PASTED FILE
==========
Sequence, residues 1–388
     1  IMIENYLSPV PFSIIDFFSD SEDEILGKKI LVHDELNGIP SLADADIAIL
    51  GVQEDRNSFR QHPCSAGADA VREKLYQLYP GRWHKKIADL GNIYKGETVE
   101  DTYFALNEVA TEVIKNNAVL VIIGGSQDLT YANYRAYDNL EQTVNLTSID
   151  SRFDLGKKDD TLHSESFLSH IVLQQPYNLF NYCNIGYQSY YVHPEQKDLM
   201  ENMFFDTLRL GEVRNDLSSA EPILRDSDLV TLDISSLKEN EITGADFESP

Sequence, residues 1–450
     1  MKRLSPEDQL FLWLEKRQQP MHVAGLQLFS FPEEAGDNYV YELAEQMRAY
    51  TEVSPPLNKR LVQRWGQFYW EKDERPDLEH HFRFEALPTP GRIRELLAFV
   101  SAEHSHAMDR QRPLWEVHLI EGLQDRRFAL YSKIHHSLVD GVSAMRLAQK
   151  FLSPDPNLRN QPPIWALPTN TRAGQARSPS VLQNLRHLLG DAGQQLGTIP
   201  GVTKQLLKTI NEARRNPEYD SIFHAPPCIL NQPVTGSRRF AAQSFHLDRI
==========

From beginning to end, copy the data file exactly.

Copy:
Sequence, residues 1–388
     1  IMIENYLSPV PFSIIDFFSD SEDEILGKKI LVHDELNGIP SLADADIAIL
    51  GVQEDRNSFR QHPCSAGADA VREKLYQLYP GRWHKKIADL GNIYKGETVE
   101  DTYFALNEVA TEVIKNNAVL VIIGGSQDLT YANYRAYDNL EQTVNLTSID
   151  SRFDLGKKDD TLHSESFLSH IVLQQPYNLF NYCNIGYQSY YVHPEQKDLM
   201  ENMFFDTLRL GEVRNDLSSA EPILRDSDLV TLDISSLKEN EITGADFESP

Sequence, residues 1–450
     1  MKRLSPEDQL FLWLEKRQQP MHVAGLQLFS FPEEAGDNYV YELAEQMRAY
    51  TEVSPPLNKR LVQRWGQFYW EKDERPDLEH HFRFEALPTP GRIRELLAFV
   101  SAEHSHAMDR QRPLWEVHLI EGLQDRRFAL YSKIHHSLVD GVSAMRLAQK
   151  FLSPDPNLRN QPPIWALPTN TRAGQARSPS VLQNLRHLLG DAGQQLGTIP
   201  GVTKQLLKTI NEARRNPEYD SIFHAPPCIL NQPVTGSRRF AAQSFHLDRI